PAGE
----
What do you find appealing about the men’s industry?
Men’s wear is flourishing, as men become more open with their style choices, we have more opportunities to explore. On a personal level, I like men’s wear as there is more camaraderie even between competition, and the friendships we develop tend to be long-lasting.
What are the advantages and disadvantages of being a woman in men’s wear?
Advantage: being a woman in an industry still dominated by men. Disadvantage: being a woman in an industry still dominated by men.
If you could wear one piece of men’s wear, what would it be?
That’s easy, a great piece of outerwear.


Karen Murray, chief executive officer, Sequential Brands Group

Karen Murray, chief executive officer, Sequential Brands Group

 

Work history:
Karen Murray has spent nearly her entire career in the men’s industry, starting with Gant as vice president of sales in 1980, moving to group president of Claiborne Men’s in 1991 and then group president of Nautica and Kipling under the VF umbrella. She joined Sequential in 2017 where she now oversees dual-gender and women’s brands including Martha Stewart.
What do you find appealing about the men’s industry?
A women’s touch with product and in leadership can make a significant difference. Also it was for many years a tighter knit community than most others. During the course of my career, I made so many great connections and built solid relationships within the industry that I still draw from today. Lastly you can be a bit more thoughtful and measured with decision-making. Speed is still important — more so now than ever — but it’s not as fast as women’s.
What are the advantages and disadvantages of being a woman in men’s wear?
I truly never experienced disadvantages, except many years ago when women were not as valued in men’s wear design and product development. I recall trying to influence design 30-plus years ago at Gant, a traditional men’s sportswear company, and suggestions back then, even in regards to color, were initially viewed as too progressive. All of that changed with time.
If you could wear one piece of men’s wear, what would it be?
A fitted blazer.


Judy Person, executive vice president and group president, Randa Accessories

Judy Person, executive vice president and group president, Randa Accessories

Work history:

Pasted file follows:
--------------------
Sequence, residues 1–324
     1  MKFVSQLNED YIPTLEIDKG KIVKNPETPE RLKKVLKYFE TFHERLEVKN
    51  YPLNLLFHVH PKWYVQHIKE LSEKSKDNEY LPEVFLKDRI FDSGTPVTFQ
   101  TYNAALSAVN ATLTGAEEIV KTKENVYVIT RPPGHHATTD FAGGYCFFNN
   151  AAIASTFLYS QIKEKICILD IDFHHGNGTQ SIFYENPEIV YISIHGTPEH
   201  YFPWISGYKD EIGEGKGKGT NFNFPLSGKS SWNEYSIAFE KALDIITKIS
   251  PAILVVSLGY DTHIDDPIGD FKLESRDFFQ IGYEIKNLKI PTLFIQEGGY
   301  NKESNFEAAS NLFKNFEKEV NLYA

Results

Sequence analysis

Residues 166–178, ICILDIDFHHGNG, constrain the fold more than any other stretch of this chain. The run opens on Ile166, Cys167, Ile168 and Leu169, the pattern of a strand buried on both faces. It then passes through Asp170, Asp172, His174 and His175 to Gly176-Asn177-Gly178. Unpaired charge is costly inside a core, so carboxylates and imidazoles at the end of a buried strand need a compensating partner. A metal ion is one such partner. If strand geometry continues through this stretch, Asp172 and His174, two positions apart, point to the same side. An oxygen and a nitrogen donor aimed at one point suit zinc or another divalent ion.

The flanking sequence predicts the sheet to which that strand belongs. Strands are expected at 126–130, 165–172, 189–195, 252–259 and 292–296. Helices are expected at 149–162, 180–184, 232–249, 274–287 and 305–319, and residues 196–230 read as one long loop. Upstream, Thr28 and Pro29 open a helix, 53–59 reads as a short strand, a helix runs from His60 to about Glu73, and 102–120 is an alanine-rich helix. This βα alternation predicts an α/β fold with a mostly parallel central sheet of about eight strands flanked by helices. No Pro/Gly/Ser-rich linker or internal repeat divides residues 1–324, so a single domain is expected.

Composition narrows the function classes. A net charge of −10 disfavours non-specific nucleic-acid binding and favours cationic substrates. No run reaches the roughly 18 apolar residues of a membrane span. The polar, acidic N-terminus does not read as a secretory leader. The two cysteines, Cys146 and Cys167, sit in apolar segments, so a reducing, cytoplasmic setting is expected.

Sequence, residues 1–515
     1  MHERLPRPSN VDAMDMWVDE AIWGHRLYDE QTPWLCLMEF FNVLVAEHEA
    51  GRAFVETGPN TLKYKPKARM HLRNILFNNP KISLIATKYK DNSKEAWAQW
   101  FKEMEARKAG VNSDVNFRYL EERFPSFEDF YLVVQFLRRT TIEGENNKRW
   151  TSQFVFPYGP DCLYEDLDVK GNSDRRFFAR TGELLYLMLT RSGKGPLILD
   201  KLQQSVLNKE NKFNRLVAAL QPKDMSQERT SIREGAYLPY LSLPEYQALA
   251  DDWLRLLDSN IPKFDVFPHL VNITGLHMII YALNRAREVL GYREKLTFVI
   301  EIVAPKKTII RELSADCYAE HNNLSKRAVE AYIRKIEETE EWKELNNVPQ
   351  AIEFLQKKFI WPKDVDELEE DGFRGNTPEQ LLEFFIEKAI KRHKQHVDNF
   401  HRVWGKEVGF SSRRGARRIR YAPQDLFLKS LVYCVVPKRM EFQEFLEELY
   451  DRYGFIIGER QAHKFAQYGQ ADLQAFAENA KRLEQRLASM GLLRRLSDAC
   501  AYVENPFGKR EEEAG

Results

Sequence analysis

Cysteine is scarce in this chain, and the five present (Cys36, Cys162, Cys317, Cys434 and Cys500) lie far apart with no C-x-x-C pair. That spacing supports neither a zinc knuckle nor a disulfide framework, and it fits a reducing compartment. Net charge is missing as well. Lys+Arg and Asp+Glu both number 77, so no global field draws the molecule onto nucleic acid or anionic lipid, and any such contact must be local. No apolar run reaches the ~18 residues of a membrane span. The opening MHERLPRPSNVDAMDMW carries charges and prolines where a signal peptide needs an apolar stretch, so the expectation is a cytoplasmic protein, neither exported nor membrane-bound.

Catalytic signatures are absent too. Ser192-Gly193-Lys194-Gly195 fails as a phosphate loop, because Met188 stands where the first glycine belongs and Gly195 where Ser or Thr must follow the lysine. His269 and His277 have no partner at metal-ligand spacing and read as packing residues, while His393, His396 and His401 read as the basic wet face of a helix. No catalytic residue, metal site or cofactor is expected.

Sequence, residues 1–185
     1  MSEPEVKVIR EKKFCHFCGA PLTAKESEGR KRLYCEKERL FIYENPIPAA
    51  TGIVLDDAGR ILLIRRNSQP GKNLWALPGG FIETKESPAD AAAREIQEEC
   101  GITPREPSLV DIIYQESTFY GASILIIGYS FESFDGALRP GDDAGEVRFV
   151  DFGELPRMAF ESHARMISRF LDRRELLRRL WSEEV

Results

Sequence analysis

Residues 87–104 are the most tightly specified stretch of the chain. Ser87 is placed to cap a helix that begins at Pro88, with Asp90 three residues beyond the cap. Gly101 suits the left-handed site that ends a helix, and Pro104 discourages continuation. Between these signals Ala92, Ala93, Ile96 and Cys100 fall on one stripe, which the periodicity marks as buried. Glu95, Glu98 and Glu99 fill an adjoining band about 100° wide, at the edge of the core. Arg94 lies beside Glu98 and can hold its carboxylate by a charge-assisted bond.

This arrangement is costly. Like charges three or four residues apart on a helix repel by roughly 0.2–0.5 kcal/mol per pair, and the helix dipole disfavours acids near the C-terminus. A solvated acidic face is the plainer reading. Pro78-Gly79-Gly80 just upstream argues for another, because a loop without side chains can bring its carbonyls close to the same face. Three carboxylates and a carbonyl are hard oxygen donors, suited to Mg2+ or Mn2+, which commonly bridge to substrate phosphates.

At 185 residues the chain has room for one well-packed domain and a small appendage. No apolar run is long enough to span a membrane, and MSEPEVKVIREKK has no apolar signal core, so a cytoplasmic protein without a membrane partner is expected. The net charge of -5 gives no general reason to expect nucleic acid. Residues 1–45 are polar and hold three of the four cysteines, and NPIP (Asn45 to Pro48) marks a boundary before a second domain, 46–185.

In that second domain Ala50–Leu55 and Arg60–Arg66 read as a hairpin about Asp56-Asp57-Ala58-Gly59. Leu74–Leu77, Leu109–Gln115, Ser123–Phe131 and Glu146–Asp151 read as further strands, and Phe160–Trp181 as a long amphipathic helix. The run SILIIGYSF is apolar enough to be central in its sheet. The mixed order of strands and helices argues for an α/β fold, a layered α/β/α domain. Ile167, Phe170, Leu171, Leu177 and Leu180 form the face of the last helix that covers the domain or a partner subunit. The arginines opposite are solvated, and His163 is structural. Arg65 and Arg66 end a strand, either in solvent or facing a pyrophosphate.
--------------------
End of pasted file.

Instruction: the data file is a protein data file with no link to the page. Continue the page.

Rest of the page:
Person began her career as an executive trainee for Carson Pirie Scott in Chicago in 1981 where she did her training in the men’s area. After graduating, she became the assistant buyer of men’s accessories, then buyer of men’s accessories. Four years later, she met Jeffrey Spiegel, the president of a small accessories company, who talked her into joining the team at Randa. Thirty-two years later, she’s still there.
What do you feel appealing about the men’s industry?
Everything about my career has been nothing short of amazing. I’ve been lucky enough to work for this incredible company: Jeffrey hires great people and allows them to do what they do, so I’m a little bit spoiled. But what I love about the men’s industry is that was built on a lot of longstanding, family-owned companies — that’s what makes the industry so great. There’s so much about those relationships that helped build the industry.
What are the advantages and disadvantages of being a woman in men’s wear?
Men’s wear is less about a trend, it’s built on a great core. I consider myself a mechanic of the business and I know all men want to be pushed: How can I wear a different pocket square that will make me look good, things like that? Women tend to take more risks.
If you could wear one piece of men’s wear, what would it be?
It would have to be a tie, but I wear scarves so there’s a bit of a connection between the two.


Martine Rose, founder and creative director, Martine Rose

Martine Rose, founder and creative director, Martine RoseWork history:  
The London-based Rose has always been a tomboy at heart and launched her eponymous men’s wear label in 2007. She’s been gathering steam ever since, building her name around her eclectic, magpie approach to dressing: She melds tailoring with streetwear — quintessentially British youth culture references with her Jamaican heritage and a riot of colors and textures. In recent years, she’s collaborated with Demna Gvasalia on Balenciaga men’s wear and launched buzzy capsules with Napapijri and Nike. But when it comes to her own label she believes there’s strength in being a bit quieter. She’s shown her collections selectively, opting for everything from intimate presentations to closing off a street in Camden Town to host a runway show. She’s planning to make a return to the London schedule in June.
What do you find appealing about the men’s industry?
In some ways, when I started, it was easier to have a men’s wear business because it was less crowded. Obviously it’s getting more popular now, but I think trying to crack the women’s market is maybe harder. I think in the end it’s just my natural aesthetic. I wear boys’ clothes myself and I’ve always been a bit of a tomboy. My natural instinct and my taste always led me to men’s wear.